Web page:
“Men suffer in silence,” says Dudum, who hopes Hims can serve as a safe space of sorts. As such, the site’s articles range from informational (“What to Expect From Erectile Dysfunction Medication”) to supportive (“The Top Reasons Men Go Bald and How to Deal With It”). Other topics, however, do seem straight out of the Gwyneth Paltrow pseudoscience guidebook (“Does Masturbation Cause Hair Loss?”).
Still, Dudum claims Hims is subject to greater scientific oversight than most men’s lifestyle publications and that Hims’ products and articles are reviewed by a team of physicians who serve as consultants. They include Justin Ko, MD, MBA, medical director and service chief of medical dermatology for Stanford Health Care; and Peter J. Stahl, MD, director of male reproductive and sexual medicine at NewYork-Presbyterian Hospital and assistant professor of urology at the Columbia University College of Physicians and Surgeons.
“While lifestyle content is great, I think what we’ve seen is men really value doctors’ opinions,” says Dudum, noting that with many of the blogs out there, it’s often “really hard to know what is fact from fiction.”
The Hims site’s melding of lifestyle and health content does leave the door open for controversy and criticism (much as Goop has found). For example, when I question Dudum about Hims’ claim that “baldness is now optional,” he agrees such statements are more editorialized than necessary.
“That is a fairly bold promise,” he concedes, although he quickly asserts that he believes balding is mostly an option for men. “There are things backed in science that work–if they start using them early enough, they actually almost always [do as promised].”
There’s another rather scientifically gray area that Dudum plans on exploring in upcoming launches: nutritional supplements. Dudums would not confirm specific product plans, but did mention an interest in selling supplements targeting general wellness, anxiety, and sleep. Supplements are a $37 billion industry, though they are not FDA-regulated and the medical community’s opinions have been split on their use; some researchers suggest they have few benefits.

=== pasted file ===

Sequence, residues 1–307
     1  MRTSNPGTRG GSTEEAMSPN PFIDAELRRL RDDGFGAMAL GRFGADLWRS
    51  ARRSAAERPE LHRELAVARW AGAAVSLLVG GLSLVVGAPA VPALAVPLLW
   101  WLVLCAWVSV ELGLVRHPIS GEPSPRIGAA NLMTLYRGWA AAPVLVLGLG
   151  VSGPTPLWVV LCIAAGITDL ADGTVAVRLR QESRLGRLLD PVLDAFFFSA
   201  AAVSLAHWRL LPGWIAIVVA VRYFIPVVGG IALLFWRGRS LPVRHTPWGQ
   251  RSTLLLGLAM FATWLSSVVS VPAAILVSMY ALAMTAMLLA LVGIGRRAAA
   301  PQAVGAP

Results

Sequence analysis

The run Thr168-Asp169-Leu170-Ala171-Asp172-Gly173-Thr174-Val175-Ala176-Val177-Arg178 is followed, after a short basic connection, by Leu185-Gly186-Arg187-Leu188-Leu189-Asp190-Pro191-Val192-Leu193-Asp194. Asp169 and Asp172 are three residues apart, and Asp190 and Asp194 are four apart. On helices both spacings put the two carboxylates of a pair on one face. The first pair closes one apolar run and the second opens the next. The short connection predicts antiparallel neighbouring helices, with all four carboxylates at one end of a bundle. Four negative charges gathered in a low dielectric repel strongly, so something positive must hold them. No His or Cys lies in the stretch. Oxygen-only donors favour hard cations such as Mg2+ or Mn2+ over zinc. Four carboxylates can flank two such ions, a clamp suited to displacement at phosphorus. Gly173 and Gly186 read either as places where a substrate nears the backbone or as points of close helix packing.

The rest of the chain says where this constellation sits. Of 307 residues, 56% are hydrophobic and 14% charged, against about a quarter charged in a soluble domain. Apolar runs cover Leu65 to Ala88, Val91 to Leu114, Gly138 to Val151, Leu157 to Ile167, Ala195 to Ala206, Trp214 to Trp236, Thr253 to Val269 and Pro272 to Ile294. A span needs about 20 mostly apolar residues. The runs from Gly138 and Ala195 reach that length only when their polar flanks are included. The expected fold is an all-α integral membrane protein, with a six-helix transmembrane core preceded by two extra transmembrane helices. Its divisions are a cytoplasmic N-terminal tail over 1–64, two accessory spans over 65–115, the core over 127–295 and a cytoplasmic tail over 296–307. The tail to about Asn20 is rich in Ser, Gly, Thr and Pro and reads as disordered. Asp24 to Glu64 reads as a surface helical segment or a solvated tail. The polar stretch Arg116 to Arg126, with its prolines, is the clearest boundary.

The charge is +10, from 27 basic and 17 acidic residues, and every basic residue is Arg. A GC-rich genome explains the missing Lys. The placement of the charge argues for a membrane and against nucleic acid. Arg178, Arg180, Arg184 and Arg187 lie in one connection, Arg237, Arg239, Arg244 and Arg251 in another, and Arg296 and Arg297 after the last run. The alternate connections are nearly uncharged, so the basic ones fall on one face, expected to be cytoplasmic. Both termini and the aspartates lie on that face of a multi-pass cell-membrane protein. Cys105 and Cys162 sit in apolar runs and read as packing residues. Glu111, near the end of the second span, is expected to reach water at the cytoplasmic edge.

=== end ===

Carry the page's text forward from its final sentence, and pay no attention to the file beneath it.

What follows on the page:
“We’re taking [research] pretty seriously,” says Dudum, who claims his medical team is doing its best to “provide the best of the market that we know of exists.”
Pretty In Pink
For all Dudum’s desire to make Hims simple and give it broad appeal, the site’s millennial pink-tinged design undoubtedly veers more towards elite, urban, hipster tastes. A quick scan shows perfectly groomed, diverse men smirking, with a dab of moisturizer marked on their face, or blankly staring ahead as a woman washes their hair. The brand’s precious photography looks more like an Allure spread, or as one of my Fast Company colleagues called it, “Glossier for the boys.”
Dudum explains that design-wise, he really wanted to differentiate Hims from other male-centered brands, such as Axe. From his experience, he saw men’s companies lumped into one of two categories: upscale gentleman (“everything is forest green and dark blue with mahogany, with men sitting on leather couches smoking cigars”) or raunchy frat boy (“X-rated humor appealing to the lowest common denominator”). Instead, Dudum endeavored to create an elegant site and classy products that the consumer wouldn’t feel intimidated by–or attempt to hide when a romantic companion slept over.
“I really believe that there’s an opportunity to build beautiful products that men actually appreciate … and also speak to them in a way that I think most guys want to be spoken to, which is just directly, not a lot of bullshit, with a little bit of wit and humor,” says Dudum.
That humor is exemplified with the product’s messaging, which oftens borders on the intersection of informational and cutesy. The promo for the sildenafil, for example, reads “treat ED, ’cause you should get erections when you want them, not when it’s convenient for your penis.”
Moving forward, Hims plans to use the same glib approach for upcoming launches, including mouth and body hygiene (“There’s a lot of anxiety around sweating and bad breath” in the male community, Dudum says), and especially for skincare. The Global Wellness Institute estimates that $999 billion encapsulates skincare and anti-aging spending (while preventative and personalized medicine, in comparison, account for $534 billion in spending each year).
Dudum points to makeup blogs, which make it easy (and even enjoyable) for women to proactively seek out solutions that affect their appearance, and subsequently, their confidence.
“It’s really just not something that is pretty standard for men yet,” said Dudum. “In general, it’s a little bit less culturally acceptable to say, ‘Hey guy, we know you’ve got something that kind influences your self-esteem, maybe have a pimple, and here are all the ways to fix it.”
Dudum plans on tackling each issue “one at a time,” leaving the door open to selling products that can help address anything and everything that impacts the American male. But unlike Goop, you likely won’t see any crystal healing guides or mediums offering up woo woo-centric advice on the site. “At a super high level, the brand is intended to be very mass market,” stresses Dudum.
“I can’t even tell you how many guys have secretly texted me at a different point, asking, ‘Hey, what was that thing you were using for wrinkles on your forehead?'” says Dudum. “It was a back alley conversation when it shouldn’t be … We’re going to try to educate these guys on how to take care of themselves.”
Read more about how Hims’ branding approach over on Co.Design.